4.         In light of the above, the Boycott Law does, indeed, infringe freedom of political expression. However, even the freedom of political expression may be infringed if the conditions of the Limitation Clause, by which constitutional review is conducted, are met. As my colleague Justice Melcer noted, we are not called upon to examine the wisdom of a law in the course of judicial review, but only its constitutionality. It would appear that many of my colleagues do not dispute that the state may adopt proportionate measures to prevent harm to itself by a call to boycott. The State of Israel finds itself defending itself against boycotts in the international arena, and its attempts to defend against the various harms that may be caused as a result is a proper purpose. At the bottom line, our disagreement concerns the proportionality of the provisions of the Law under review in the petitions before us. I will return to this disagreement further on. In my opinion, there is no reason to intervene in the legislature’s decision not to distinguish between a call for a boycott of the state and a call for a boycott due to a connection to an area under the state’s control. We should bear in mind that the prohibition in regard to the Area applies solely to a call for a boycott due to the connection to an area under the state’s control. A classic example of this is a call to boycott the products of an industrial enterprise for the sole reason that it is located in the Area. Such a call may lead to the imposition of the Law’s sanctions. As opposed to that, if, for example, a factory located in an area under the state’s control were to discriminate between Jews and Arabs, and the call for a boycott was premised upon that, it would not incur the imposition of the Law’s sanctions. In my opinion, that would also be the case if the factory were located in an illegal settlement of the type that has been or that must be evacuated in accordance with the decisions of this Court due to its location on the private land of Palestinian residents. In my opinion, calling for a boycott of such a factory because the settlement was built illegally would not lead to the imposition of the Law’s sanctions. That would not be a call for a boycott due to a connection to the Area, but rather due to unlawful conduct. However, a call for a boycott solely due to a factory having a connection with an area under state control falls within the scope of “a boycott against the State of Israel”, as defined by the Law.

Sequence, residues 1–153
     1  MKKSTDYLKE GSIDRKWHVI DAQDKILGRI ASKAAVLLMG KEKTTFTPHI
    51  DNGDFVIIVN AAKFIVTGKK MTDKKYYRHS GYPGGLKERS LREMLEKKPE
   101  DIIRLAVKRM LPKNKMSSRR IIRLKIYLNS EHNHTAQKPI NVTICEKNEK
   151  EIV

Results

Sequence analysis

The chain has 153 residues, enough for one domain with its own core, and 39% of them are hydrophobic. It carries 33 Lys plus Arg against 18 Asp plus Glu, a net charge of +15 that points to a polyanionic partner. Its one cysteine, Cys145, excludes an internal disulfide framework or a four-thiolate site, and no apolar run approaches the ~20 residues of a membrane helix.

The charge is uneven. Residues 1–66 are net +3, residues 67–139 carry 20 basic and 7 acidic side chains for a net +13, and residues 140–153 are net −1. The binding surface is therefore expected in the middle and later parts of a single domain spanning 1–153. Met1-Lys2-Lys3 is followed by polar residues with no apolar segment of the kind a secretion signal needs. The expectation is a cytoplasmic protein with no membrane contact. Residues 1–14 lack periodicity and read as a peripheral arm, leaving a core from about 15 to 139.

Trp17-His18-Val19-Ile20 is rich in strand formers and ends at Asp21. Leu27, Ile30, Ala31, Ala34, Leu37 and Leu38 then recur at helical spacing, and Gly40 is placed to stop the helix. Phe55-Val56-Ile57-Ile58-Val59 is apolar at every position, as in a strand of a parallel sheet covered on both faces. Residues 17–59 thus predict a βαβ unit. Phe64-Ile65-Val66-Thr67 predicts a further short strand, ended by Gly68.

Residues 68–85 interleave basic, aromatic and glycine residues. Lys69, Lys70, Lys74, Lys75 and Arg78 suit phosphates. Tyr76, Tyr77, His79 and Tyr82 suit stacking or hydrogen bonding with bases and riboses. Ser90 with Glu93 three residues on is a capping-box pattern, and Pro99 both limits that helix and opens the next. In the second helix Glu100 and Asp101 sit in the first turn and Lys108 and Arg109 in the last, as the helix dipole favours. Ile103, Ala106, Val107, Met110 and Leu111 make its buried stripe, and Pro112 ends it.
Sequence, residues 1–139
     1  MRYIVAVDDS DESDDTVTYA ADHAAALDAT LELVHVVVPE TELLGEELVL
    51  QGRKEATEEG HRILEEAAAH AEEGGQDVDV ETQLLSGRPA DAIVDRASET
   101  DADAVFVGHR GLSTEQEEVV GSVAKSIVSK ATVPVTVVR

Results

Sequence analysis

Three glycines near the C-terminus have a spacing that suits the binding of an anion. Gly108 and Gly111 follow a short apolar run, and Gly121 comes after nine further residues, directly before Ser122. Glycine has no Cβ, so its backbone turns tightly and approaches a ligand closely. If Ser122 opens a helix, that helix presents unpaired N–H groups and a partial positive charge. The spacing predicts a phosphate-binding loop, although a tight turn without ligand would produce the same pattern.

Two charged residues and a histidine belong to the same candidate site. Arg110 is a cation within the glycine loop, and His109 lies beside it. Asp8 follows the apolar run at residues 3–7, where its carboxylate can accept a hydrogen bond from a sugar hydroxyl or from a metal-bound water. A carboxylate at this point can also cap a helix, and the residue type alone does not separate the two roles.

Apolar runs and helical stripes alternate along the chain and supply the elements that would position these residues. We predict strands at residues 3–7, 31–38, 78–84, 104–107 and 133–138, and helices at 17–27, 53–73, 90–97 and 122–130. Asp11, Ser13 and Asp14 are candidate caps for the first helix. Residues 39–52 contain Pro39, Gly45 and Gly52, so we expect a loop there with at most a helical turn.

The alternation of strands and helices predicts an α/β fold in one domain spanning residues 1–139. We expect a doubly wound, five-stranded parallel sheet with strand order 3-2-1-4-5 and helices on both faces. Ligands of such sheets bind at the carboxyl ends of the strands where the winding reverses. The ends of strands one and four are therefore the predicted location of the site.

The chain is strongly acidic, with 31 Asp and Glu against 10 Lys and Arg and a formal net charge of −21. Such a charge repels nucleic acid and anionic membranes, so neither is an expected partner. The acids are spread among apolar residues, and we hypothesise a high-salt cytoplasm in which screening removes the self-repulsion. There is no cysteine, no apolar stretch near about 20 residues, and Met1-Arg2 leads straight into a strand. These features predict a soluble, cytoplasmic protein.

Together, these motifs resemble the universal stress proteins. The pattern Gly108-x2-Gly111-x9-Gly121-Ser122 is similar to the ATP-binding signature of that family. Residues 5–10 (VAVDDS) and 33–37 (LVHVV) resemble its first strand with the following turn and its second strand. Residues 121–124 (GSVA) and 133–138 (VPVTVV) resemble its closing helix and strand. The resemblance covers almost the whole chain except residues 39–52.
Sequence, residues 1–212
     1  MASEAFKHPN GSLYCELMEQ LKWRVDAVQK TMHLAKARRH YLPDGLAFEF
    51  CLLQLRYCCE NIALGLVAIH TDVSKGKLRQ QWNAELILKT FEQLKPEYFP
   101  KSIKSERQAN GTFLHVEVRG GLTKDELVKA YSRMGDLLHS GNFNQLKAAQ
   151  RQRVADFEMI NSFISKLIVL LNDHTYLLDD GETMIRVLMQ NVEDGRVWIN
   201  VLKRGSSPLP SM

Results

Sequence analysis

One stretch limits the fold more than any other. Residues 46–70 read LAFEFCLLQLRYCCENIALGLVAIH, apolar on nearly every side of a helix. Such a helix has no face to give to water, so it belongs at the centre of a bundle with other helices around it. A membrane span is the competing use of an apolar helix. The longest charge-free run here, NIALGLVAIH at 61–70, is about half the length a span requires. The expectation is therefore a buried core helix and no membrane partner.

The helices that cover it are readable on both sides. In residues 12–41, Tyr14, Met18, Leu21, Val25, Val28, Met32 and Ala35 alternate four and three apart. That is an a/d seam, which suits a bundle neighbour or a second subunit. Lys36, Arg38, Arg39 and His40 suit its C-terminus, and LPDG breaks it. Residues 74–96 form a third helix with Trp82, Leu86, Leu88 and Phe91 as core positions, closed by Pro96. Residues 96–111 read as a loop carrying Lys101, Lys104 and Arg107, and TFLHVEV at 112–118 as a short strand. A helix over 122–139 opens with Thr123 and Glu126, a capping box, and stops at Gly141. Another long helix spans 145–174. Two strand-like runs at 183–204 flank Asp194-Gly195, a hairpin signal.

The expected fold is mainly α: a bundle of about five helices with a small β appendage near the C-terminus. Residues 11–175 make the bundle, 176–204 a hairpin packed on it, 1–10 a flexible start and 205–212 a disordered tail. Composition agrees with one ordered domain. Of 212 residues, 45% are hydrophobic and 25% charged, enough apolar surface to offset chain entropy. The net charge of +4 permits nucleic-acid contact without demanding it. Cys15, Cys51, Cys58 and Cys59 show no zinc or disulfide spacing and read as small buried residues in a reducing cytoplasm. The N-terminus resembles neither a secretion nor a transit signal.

In my opinion, as noted, there are no grounds for intervening in the legislature’s decision not to distinguish between a connection to the Area and a connection to the state. Ultimately, the calls for a boycott of the state are often tied and linked to the matter of the state’s connection to an area under its control. The close relationship between a boycott of the state and a boycott of the area held by it is attested to by the approach of most of the Petitioners, who made it clear that they insist upon the repeal of the sanctions for a call for a boycott of the state. I also believe that the analogy made by my colleague Deputy President E. Rubinstein to our non-intervention in the question of the disengagement from the Gaza Strip (HCJ 1661/05 Hof Azza Regional Council v. The Knesset, IsrSC 59 (2) 481(2005)) is apt. The views of the Israeli public on the relationship between the state and the Area are not merely those of extremes. There is broad spectrum of views among the public. There are those who, apparently like the Petitioners, are of the view that the state should leave the Area, while others are of the view that the Area should be made an indivisible part of the state, while others would say that they would like to hold on to the Area, but that it is not possible, and still others would say that the state should wait and continue to hold the Area as a bargaining chip in the framework of a political settlement. In my opinion, we should stay out of that political debate in all that relates to the Area, while recognizing that in the margin of discretion granted to the legislature, there are no grounds for the Court to prevent it from defending against a boycott not only of the state itself, but also of enterprises and institutions erected in the rea with the consent of the state, and at times, with its encouragement, as part of the Government’s overall policy, and that of the Governments that preceded it. The law-abiding residents of the Area are entitled to the state’s defense of their property and income.